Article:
Depending on the state you live in, your employer may have to follow regulations that cover when you can be fired for failing a drug test. Federal laws about drug testing apply solely to federal employees, but state drug-testing laws vary from state to state. Some states rely on case law -- laws based on the outcomes of previous judge rulings, while others depend solely on voluntary actions.
State Drug Testing Laws
Check with your state laws on drug testing to see which laws apply to employee drug testing. If you live in the state of Rhode Island, you are given the opportunity to go through a rehabilitation program before you can be fired for failing a test; if you do not pass the program successfully, you can be terminated without notice. Some states, including Massachusetts, Montana and New York, only allow random testing if you work in a sensitive work field such as health care, so you cannot be subjected to random testing, which could result in termination.
Notification of Results
Depending on where you live, the laws on notification of test results also vary. If you live in Minnesota, your employer has only three days to notify you of a positive result, and your employer in that state must provide you with proof of the positive result before she can refuse employment or fire you. If you are a resident of Vermont, your employer has 10 days to notify you of a positive result, and she can only test you for pre-employment purposes or if she has a reasonable suspicion you may be using drugs -- if you consistently display irrational behavior, for example. If you live in Connecticut, an employer may fire you immediately upon finding out you tested positive on a drug test. If you have any questions about your state rights regarding termination from drug testing or if you feel you have been wrongfully terminated, it's best to contact a labor attorney.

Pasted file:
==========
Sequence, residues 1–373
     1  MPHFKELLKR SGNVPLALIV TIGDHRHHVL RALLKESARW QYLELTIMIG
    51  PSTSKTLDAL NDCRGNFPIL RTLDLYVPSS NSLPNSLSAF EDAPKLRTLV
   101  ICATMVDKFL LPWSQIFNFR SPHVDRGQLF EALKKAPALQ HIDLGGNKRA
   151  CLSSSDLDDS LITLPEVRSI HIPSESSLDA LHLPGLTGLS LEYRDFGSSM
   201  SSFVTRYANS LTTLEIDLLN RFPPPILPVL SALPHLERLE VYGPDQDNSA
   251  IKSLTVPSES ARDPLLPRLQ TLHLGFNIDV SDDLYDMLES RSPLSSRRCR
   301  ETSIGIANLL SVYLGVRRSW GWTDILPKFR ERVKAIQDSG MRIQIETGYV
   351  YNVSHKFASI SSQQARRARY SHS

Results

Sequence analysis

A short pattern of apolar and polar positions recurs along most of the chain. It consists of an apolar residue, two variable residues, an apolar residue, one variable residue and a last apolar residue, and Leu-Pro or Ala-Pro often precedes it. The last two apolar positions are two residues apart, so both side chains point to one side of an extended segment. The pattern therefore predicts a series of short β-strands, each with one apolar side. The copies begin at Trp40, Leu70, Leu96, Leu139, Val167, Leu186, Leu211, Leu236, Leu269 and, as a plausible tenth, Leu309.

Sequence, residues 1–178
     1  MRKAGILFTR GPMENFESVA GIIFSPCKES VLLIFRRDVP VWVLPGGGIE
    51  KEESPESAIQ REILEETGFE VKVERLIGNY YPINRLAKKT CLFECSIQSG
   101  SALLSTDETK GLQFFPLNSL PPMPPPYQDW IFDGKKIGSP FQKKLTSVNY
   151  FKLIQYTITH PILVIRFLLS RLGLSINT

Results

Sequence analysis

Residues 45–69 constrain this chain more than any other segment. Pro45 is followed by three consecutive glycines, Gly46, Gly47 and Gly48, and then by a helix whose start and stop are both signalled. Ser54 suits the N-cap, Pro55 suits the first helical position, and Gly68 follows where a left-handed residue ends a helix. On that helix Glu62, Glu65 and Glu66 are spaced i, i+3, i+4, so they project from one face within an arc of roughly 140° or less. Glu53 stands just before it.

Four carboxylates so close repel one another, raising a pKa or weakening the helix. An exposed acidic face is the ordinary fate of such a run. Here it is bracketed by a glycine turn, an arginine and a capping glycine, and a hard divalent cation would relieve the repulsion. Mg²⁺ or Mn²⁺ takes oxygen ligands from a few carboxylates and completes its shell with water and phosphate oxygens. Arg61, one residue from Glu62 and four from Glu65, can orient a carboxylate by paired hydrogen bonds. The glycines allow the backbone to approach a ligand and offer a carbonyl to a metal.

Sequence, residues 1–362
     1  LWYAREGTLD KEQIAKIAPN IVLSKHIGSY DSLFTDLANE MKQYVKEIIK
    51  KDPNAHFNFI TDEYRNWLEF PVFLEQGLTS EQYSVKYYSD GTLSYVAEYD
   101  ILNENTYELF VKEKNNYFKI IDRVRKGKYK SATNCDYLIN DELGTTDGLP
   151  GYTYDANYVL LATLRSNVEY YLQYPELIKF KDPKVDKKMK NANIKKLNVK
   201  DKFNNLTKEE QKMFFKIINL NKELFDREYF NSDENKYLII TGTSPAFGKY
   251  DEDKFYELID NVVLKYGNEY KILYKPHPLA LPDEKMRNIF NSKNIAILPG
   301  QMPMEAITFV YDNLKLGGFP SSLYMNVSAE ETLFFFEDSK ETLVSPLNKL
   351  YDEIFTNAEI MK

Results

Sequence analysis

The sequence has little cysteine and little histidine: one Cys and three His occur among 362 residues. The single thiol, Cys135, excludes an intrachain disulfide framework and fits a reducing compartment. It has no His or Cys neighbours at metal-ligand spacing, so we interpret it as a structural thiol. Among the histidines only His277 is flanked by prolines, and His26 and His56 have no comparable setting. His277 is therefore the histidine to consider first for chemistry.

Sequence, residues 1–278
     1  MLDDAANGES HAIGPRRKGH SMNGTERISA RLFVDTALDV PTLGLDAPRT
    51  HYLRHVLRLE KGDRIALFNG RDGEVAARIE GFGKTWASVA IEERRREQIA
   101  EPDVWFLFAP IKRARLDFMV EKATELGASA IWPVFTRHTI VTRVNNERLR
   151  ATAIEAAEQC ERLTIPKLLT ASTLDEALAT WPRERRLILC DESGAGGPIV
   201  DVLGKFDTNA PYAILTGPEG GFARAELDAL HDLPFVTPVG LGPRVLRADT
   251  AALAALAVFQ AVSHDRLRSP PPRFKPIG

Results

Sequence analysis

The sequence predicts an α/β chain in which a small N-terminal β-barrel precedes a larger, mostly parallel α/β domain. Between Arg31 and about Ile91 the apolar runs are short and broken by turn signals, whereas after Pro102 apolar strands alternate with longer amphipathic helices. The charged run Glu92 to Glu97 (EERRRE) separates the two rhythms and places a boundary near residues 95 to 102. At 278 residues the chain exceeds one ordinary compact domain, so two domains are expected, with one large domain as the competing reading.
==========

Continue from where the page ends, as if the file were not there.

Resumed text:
Even if your employer fires you immediately for testing positive on a drug test, you have rights of privacy in regards to the testing information. Most states only allow your employer to share the results with you. In the state of Alabama, you are the only one who can receive the results, but your employer may submit the results for evidence in civil proceedings without your permission. In Alaska, your employer may share the results only by a court order or if you provide written consent for someone else to receive the results, such as your spouse. These laws allow you to search for other employment without fear of rejection due to a previous test, and you can't be fired by a new employer because of the results from a previous test.
Failing a drug test does not necessarily mean you immediately lose your job. False positives can happen due to human error in handling your samples. If you frequently take over-the-counter medications including NSAID drugs or nasal sprays, it's possible to receive a false-positive. A false reading is also positive if you have recently eaten poppy seeds or used grooming products containing hemp. Regardless of why you receive a positive result, your employer may have the right to terminate your employment or prevent you from a promotion. If you know with certainty the results are wrong, you may request another test. Some employers have a zero-tolerance policy against drugs and may refuse. In the end, if you feel you were wrongfully terminated, an employment attorney can inform you of your legal rights.
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